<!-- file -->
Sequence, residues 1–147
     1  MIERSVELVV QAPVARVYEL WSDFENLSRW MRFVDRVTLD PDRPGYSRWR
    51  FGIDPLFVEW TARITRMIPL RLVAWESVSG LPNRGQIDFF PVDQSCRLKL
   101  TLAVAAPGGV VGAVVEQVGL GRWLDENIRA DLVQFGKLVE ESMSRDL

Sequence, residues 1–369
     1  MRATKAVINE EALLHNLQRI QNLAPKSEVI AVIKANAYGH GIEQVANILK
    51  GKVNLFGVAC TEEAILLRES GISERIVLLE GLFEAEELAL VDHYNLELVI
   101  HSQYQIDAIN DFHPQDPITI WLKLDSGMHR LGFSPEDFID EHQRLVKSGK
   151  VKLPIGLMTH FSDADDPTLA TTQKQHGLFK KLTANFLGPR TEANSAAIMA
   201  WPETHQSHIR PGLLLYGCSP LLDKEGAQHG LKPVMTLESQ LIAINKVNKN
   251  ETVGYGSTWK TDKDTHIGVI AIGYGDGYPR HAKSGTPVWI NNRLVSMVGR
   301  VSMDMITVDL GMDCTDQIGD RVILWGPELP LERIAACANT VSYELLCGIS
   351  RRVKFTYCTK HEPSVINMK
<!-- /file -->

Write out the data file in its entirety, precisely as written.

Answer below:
Sequence, residues 1–147
     1  MIERSVELVV QAPVARVYEL WSDFENLSRW MRFVDRVTLD PDRPGYSRWR
    51  FGIDPLFVEW TARITRMIPL RLVAWESVSG LPNRGQIDFF PVDQSCRLKL
   101  TLAVAAPGGV VGAVVEQVGL GRWLDENIRA DLVQFGKLVE ESMSRDL

Sequence, residues 1–369
     1  MRATKAVINE EALLHNLQRI QNLAPKSEVI AVIKANAYGH GIEQVANILK
    51  GKVNLFGVAC TEEAILLRES GISERIVLLE GLFEAEELAL VDHYNLELVI
   101  HSQYQIDAIN DFHPQDPITI WLKLDSGMHR LGFSPEDFID EHQRLVKSGK
   151  VKLPIGLMTH FSDADDPTLA TTQKQHGLFK KLTANFLGPR TEANSAAIMA
   201  WPETHQSHIR PGLLLYGCSP LLDKEGAQHG LKPVMTLESQ LIAINKVNKN
   251  ETVGYGSTWK TDKDTHIGVI AIGYGDGYPR HAKSGTPVWI NNRLVSMVGR
   301  VSMDMITVDL GMDCTDQIGD RVILWGPELP LERIAACANT VSYELLCGIS
   351  RRVKFTYCTK HEPSVINMK